A reverse mortgage is a cash loan based on your home’s equity. People apply for this type of loan to help pay for medical treatment, finance home improvements, buy long-term care insurance, or supplement their income. For many seniors, a reverse mortgage is their saving grace. Reverse mortgages allow older adults to convert their home’s equity into cash while retaining their home ownership.
Who qualifies for a reverse mortgage?
An individual who is 62 and older and who owns their home (or has a very low outstanding mortgage balance that can be paid off at the loan closing) can qualify. The home must be their “principal residence,” meaning they live in it 6 months or more out of a year. To apply for a reverse mortgage they must either have:
- A single-family property.
- A 2-4 unit building.
- A federally approved condominium or planned unit development.
- A manufactured home if it is built on a permanent foundation, classed, and taxed as real estate, and meets other requirements. Mobile homes are not eligible.
There are many factors that affect the amount that can be borrowed with a reverse mortgage:
- Age of borrower(s): As owner’s age increases, the amount they can borrow increases.
- Value of the home: As the home equity increases, the amount they can borrow increases.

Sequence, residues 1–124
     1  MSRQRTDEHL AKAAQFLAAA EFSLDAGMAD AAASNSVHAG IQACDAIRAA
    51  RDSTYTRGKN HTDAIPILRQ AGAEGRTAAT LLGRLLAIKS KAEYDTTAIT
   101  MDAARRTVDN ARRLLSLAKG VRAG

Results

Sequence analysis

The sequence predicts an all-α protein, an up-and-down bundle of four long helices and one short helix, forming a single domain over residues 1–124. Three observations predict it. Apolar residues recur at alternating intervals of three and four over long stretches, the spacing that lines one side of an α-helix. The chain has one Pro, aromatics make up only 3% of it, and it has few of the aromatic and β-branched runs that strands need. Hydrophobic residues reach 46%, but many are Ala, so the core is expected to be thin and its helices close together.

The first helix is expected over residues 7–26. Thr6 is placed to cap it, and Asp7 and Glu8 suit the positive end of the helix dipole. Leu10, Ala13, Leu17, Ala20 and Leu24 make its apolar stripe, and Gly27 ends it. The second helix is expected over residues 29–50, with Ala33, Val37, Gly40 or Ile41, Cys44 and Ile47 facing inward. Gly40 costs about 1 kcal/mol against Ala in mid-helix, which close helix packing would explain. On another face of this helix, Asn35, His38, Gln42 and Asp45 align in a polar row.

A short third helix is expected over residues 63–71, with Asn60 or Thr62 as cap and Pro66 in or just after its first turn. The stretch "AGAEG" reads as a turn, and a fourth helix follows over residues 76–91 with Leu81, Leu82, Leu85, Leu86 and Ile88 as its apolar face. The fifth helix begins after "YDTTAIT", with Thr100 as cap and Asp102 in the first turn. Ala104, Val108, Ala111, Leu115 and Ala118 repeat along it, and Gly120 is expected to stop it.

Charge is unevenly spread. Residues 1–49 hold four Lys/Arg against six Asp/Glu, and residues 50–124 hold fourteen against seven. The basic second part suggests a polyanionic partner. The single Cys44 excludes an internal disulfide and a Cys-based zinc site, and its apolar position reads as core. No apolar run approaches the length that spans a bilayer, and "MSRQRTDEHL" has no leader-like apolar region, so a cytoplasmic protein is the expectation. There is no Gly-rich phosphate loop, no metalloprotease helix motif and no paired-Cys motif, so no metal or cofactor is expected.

- Type of reverse mortgage.
- Current reverse mortgage interest rates: Lower interest rate usually means more can be borrowed.
Remember, the loan amount is never 100% of the home value or lending limit. The loan amount is a calculation based upon the age of the youngest borrower and the expected interest rate.
How is a reverse mortgage paid back?
Typically, after the last surviving owner/borrower passes away, heirs pay reverse mortgage loans (plus interest) by selling the home, or using other funds. Sometimes heirs take a new “forward” mortgage against the home. A “forward mortgage” is a traditional mortgage consumers use to buy a home. A reverse mortgage may also be paid back after the surviving owner or borrower permanently moves away. The word “permanently” move away means the owner/borrower has not lived in the home for 12 months in a row.